Pain is one of the least acknowledged symptoms of people living with ALS. More than 60 per cent of people living with ALS will admit to experiencing significant pain, varying in terms of intensity and etiology.
• Neuropathic pain: arising as a direct consequence of a lesion or disease affecting the somatosensory system, resulting in tingling, burning, numbness or shooting pains.
• Nociceptive pain: deep-seated pain, localized to a point of injury, resulting in aching, throbbing or stiffness.
Types of pain for people living with ALS vary, and treatments need to be tailored to the underlying source of pain:
• A common source of pain originates from the loss of subcutaneous tissue (both fat and muscle), which is the deepest layer of skin that insulates the body and protects organs and bones. This can cause significant pain in the bone or due to pinched nerves from increased compression.
• Immobility commonly results in deep aching pains, typically in the lower extremities.
• Spasticity in people living with ALS can cause clenched-muscle and straight-muscle spasms, creating significant amounts of pain.
• Fasciculations, or muscle twitches, common in ALS, are usually painful as well as distressing to patients.
• Joint pain by stiffness and scarring is created by capsulitis, commonly referred to as frozen shoulder syndrome. This throbbing pain can affect sleep and limit mobility and activity in patients. It should be treated early and aggressively with range of motion exercises before enlisting in medications such as steroid or lidocaine injections.
• Other types of pain may be secondary to the illness or related to medications needed to battle ALS. Pain management depends on identifying (as closely as possible) the source of pain so that treatments will be effective. Non-pharmacological treatments include properly fitted wheelchairs, reasonable exercise such as tai chi or cycling, acupuncture and use of massage. These treatments help patients maintain their quality of life, increasing balance and mobility.
There are a variety of different medications used to treat pain, including antidepressants, anticonvulsants and antiepileptics, serotonin/noradrenaline reuptake inhibitors
and opioids among others. It is important to understand both the positive and adverse effects of medications, as well as the other factors that may influence someone to refuse to take a certain drug.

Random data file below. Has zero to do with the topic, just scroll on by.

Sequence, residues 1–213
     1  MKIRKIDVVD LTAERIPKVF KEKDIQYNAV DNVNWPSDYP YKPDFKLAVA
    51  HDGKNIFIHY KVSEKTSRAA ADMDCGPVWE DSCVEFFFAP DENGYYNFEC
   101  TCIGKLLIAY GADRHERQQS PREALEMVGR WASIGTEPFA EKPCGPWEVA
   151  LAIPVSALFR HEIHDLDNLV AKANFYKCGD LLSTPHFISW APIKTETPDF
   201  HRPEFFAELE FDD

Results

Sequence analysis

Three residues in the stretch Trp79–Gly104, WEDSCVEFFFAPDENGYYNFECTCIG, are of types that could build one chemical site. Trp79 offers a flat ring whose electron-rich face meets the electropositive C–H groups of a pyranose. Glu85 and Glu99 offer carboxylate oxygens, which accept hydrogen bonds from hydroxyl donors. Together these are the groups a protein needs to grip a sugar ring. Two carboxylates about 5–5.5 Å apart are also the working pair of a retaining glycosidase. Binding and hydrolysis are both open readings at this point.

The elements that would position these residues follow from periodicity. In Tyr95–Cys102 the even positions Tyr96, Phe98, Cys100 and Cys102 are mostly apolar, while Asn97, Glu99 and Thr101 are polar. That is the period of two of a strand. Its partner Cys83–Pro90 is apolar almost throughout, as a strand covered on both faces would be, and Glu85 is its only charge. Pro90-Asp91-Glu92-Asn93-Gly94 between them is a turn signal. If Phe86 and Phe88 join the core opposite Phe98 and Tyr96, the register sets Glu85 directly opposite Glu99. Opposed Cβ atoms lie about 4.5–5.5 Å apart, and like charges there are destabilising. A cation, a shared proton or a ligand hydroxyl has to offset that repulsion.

• Although originally developed for depression, they have been known to manage neuropathic pain for many years. Drugs such as Amitriptyline are used in low doses to combat hyper-salivation, a common side effect for people living with ALS, as well as to treat frozen shoulder pain.
• Antidepressants may have adverse side effects such as constipation and causing confusion or encephalopathy.
Anticonvulsants and anti-epileptics:
• Drugs such as gabapentin and Pregabalin work to manage the pain from immobility and help patients’ sleep improve.
• These drugs help with anxiety in some people, though adverse effects include sleepiness, weight gain and in rare cases papilledema and blurred vision, so it’s best to
start patients on a low dose.
Serotonin/Noradrenaline reuptake inhibitors:
• These are a class of antidepressants, including the drugs Venlafaxine, also known as and Duloxetine.
• These drugs are processed in the liver, which is a careful consideration when prescribing. They can also affect intimacy and sexual function, which makes many
patients refuse them.
• These are widely used in palliative care because they are useful for deep, bony pain which occurs when patients have unusual pressure points or frozen shoulder
• They are great for controlling pain but have many adverse effects, including nausea, vomiting, dizziness and constipation.
• A Fentanyl transdermal patch, while strong, can be used by bulbar patients and can help them avoid constipation.
• A new Buprenorphine patch, called BuTrans, is a mild opioid and a once a week patch, which has less side effects and may be very effective for bone pain.
• Morphine is another form of opioid, which can be used to treat pain, as well as the feeling of not getting enough air. Methadone may be used if Morphine is ineffective.
• Tramadol works well for neuropathic and nociceptive pain, as well as mixed pain and can be taken by patients that are still mobile and only need it once in a while.
• A new lidocaine patch coming out soon will be useful in focal pain such as shoulder pain.
• Cannabinoids, or marijuana-based drugs, include Sativex, a drug which mimics the plant, encompassing THC and cannabidiol in an oral mucosal spray. This drug is effective, but currently under conditional approval in Canada for the treatment of multiple sclerosis, not ALS. People living with ALS can use actual marijuana to treat a lack of appetite or nausea, as well as both neuropathic and nociceptive pain. There are many different methods of using this type of treatment which can be chosen based on the patient’s needs.
• The largest side effect of cannabinoids is the cognitive effect, which can make it more difficult for regular dayto- day functioning.
Pain in ALS is frequent, but is one of the most under-recognized symptoms. Patients do not often volunteer information about their pain if they are not asked about it specifically, but it is necessary to treat their pain, as it interferes with the patients’ health, affecting
their sleep, appetite and overall quality of life.